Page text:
Navigating the world of EDI can be pretty daunting, especially with all the acronyms and document numbers used to identify nearly all actions in EDI. An important, and often overlooked, piece to EDI is communications. EDI can only work once it has the data to map and process so let’s talk comms.
The three most prevalent EDI communication protocols used today are: AS2, FTP and the good old VAN.
Applicability Statement (AS) 2 uses signing, encryption and MDNs (Message Disposition Notification) over the internet (HTTP\HTTPS) to send and receive data between two systems\companies. It has been widely adopted thanks to Walmart’s efforts in the retail sector. AS2 offers advantage over standard HTTP in that it includes increased verification and security using receipts and digital signatures and logging. At startup, AS2 can be pricey but in the long run it’s stability, ease of use and security make it one of the front runners in EDI communication protocols.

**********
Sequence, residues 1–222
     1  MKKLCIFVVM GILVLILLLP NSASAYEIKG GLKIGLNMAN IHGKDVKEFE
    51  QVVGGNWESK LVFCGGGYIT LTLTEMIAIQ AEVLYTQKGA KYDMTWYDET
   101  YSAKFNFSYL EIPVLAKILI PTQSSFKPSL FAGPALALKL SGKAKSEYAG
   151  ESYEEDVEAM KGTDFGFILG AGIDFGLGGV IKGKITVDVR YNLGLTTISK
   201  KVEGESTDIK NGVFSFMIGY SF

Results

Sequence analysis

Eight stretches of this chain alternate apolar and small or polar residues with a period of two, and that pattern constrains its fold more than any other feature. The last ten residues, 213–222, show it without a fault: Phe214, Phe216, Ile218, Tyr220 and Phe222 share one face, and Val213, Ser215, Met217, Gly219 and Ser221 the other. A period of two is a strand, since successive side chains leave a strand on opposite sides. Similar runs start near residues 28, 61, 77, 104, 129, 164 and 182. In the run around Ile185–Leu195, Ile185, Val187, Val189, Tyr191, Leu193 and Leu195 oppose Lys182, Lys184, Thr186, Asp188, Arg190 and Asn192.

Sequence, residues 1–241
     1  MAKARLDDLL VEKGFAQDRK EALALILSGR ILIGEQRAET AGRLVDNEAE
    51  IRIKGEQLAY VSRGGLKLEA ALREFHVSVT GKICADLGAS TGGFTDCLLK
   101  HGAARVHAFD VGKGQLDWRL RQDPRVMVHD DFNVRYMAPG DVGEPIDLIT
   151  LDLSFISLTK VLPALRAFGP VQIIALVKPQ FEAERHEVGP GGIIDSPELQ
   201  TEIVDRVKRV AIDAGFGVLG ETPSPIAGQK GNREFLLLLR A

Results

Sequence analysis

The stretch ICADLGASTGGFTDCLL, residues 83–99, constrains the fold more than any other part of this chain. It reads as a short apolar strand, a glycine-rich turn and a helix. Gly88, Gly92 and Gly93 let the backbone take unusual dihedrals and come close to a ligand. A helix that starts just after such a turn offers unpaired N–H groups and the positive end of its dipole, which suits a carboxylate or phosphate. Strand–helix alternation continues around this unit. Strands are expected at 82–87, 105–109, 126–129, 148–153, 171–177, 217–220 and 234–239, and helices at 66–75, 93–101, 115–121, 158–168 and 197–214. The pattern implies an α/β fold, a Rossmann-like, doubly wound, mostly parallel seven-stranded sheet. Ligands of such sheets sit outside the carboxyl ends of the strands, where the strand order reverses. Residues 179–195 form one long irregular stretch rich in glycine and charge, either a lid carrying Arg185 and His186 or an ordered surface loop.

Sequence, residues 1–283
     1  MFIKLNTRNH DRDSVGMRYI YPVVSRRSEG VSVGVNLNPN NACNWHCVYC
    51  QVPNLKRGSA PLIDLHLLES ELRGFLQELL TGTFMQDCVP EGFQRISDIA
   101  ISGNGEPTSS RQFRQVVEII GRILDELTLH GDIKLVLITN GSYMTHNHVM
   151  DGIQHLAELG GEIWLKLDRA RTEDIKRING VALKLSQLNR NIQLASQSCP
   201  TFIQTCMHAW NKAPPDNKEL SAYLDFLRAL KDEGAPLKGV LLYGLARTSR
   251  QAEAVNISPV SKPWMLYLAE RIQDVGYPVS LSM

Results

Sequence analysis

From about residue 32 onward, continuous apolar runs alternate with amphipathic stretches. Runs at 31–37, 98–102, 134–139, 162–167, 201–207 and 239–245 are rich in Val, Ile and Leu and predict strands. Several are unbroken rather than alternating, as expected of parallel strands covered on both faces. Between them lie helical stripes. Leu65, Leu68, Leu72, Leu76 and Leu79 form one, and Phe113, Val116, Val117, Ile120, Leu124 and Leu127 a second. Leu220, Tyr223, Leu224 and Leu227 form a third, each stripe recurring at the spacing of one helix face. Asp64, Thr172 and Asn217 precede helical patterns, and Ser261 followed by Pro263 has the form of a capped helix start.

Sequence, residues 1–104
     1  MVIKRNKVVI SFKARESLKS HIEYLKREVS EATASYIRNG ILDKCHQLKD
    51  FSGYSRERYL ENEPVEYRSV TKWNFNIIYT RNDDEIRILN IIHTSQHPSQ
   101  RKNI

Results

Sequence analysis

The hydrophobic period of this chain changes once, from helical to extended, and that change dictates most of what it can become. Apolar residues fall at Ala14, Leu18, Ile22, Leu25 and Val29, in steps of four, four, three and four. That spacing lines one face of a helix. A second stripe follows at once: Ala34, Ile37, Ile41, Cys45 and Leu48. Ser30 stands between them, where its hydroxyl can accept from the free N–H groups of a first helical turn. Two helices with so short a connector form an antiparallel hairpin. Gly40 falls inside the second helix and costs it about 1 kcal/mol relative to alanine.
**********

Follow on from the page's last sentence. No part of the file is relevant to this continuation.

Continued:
File Transfer Protocol is usually our go-to when creating new EDI setups. It uses standard network protocol to exchange files over a TCP/IP-based network like the internet. It’s typically more cost effective to put in place, is easy to maintain and is as reliable as your network connection. FTPS, not to be confused with SFTP, is an extension of FTP. It adds support for the Transport Layer Security (TLS) and the Secure Sockets Layer (SSL) cryptographic protocols.
Value Added Network acts as an intermediary between two companies that want to exchange data. It’s a hosted service that charges fees based on the volume of data it transfers to and from your customers. VANs charge based on the number of kilo characters in the document. Typical charges monthly for the VAN are about $35 for monthly access and between $.02 and $.06 per 1000 kilo characters. The VAN is still widely used by many retailers.